What are the rules governing a valid acceptance? Legal rules of acceptance i Acceptance must be given only by the person to whom the offer is made: An offer can be accepted only by the person or persons to whom it is ma…de and with whom it imports an intention to contract. It cannot be accepted by another person without the consent of the offer.
Privity in English law A promise is enforceable if it is supported by consideration, that is, where consideration has moved from the promisee. For example, in the case of Tweddle v Atkinson John Tweddle promised William Guy that he would pay a sum of money to the child of William Guy, and likewise William Guy promised John Tweddle that he would pay a sum of money to the child of John Tweddle, upon the marriage of the two children to each other.
However, William Guy failed to pay the son of John Tweddle, who then sued his executors for the amount promised. It was held that the son could not enforce the promise made to his father, as he himself had not actually given consideration for it - it was his father who had done so instead.
The son didn't receive any consideration, so he cannot enforce the promise. This particular rule of consideration forms the basis of the doctrine of privity of a contract, that is, only a party to a contract is permitted to sue upon that contract's terms.
Note that the doctrine of privity has been somewhat altered by the Contracts Rights of Third Parties Act Therefore, consideration from the promisee was indulgent of the claim. Although consideration must move from the promisee, it does not necessarily have to move to the promisor.
|Chapter 10: Consideration||It may be written, or oral, or inferred from the conduct of the parties.|
The promisee may provide consideration to a third party, if this is agreed at the time the parties contracted. For example, it is good consideration for person A to pay person C in return for services rendered by person B. If there are joint promisees, then consideration need only to move from one of the promisees.
Pre-existing duties[ edit ] If the promisee provides what he was required by public law to do in any event in return for a promise, promised performance of existing duty is not good consideration. In Collins v Godefrey Godefrey promised to pay Collins for his giving of evidence.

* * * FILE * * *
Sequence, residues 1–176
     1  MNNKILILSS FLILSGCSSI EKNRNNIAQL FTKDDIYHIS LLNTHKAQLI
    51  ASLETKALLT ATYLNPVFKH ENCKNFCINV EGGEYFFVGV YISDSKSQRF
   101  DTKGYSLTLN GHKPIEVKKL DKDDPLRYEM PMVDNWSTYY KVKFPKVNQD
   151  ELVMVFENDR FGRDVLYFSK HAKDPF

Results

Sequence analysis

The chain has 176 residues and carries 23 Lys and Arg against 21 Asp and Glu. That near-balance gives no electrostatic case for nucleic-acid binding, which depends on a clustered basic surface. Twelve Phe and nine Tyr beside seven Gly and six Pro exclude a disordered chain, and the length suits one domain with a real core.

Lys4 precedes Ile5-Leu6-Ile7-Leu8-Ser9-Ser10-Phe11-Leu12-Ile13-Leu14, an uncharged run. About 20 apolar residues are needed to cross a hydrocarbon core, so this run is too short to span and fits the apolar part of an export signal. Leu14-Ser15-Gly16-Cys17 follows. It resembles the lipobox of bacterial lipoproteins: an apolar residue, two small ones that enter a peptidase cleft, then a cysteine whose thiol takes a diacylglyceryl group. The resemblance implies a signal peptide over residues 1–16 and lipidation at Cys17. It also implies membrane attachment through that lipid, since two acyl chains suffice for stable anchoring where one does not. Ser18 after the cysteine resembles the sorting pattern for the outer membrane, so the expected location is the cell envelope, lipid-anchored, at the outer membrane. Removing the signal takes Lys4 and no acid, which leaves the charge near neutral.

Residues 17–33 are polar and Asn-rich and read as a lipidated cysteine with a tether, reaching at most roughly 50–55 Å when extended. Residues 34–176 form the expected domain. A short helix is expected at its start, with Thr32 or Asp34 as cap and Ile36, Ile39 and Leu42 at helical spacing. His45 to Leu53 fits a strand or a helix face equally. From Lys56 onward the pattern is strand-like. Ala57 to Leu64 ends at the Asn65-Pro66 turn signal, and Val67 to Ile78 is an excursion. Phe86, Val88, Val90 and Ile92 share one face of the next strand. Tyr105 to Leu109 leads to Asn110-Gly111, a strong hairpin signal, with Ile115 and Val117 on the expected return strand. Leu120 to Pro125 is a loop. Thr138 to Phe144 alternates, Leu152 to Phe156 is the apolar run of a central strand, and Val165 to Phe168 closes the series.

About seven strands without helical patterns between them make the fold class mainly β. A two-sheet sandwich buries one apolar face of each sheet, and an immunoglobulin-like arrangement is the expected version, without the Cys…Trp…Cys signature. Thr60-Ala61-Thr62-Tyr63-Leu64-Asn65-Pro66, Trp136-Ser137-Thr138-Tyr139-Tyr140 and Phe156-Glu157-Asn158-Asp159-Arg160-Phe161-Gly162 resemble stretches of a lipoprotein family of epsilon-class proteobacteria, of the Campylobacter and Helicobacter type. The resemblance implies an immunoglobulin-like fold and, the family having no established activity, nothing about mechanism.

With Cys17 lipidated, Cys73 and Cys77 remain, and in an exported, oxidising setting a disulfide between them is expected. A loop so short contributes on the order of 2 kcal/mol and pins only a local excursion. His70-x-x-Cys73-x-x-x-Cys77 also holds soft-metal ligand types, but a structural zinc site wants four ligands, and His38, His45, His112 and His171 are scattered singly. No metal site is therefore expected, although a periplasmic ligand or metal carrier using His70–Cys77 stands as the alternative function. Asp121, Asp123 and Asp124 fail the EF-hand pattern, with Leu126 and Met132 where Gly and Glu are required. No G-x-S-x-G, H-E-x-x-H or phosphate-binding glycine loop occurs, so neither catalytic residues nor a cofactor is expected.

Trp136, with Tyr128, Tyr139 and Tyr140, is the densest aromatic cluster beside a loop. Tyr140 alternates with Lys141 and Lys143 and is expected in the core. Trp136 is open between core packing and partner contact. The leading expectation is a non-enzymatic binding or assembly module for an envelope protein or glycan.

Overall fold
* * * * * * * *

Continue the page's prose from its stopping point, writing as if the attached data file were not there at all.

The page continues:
It was held that Collins could not enforce the promise as he was under a statutory duty to give evidence in any event.
In Ward v Byham a mother was under a statutory duty to look after her child. It was held that notwithstanding the statutory duty imposed on the mother, she could enforce the promise since the act of keeping the baby 'happy' provided additional consideration.
The general rule is that if a creditor promises to discharge a debt in return for a fraction of payment, in paying the agreed fraction, the promisee is not providing consideration for the promise, as this is merely part performance of a contractual duty already owed.
During the voyage, two men deserted. Myrick promised he would increase Stilk's wages if Stilk agreed to honour his contract in light of the desertions. Stilk agreed and on return to port, Myrick refused to pay him the extra wages. It was held that Myrick's fresh promise was not enforceable as the consideration Stilk had provided for it, the performance of a duty he already owed to Myrick under contract, was not good consideration for Myrick's promise to increase his wages.
Hanson v Roydenthe promisee has done, or has promised to do, more than he was obliged to do under his contract.
They sub-contracted carpentry work to Williams. It became apparent that Williams was threatened by financial difficulties and would not be able to complete his work on time. This would have breached a term in the main contract, incurring a penalty.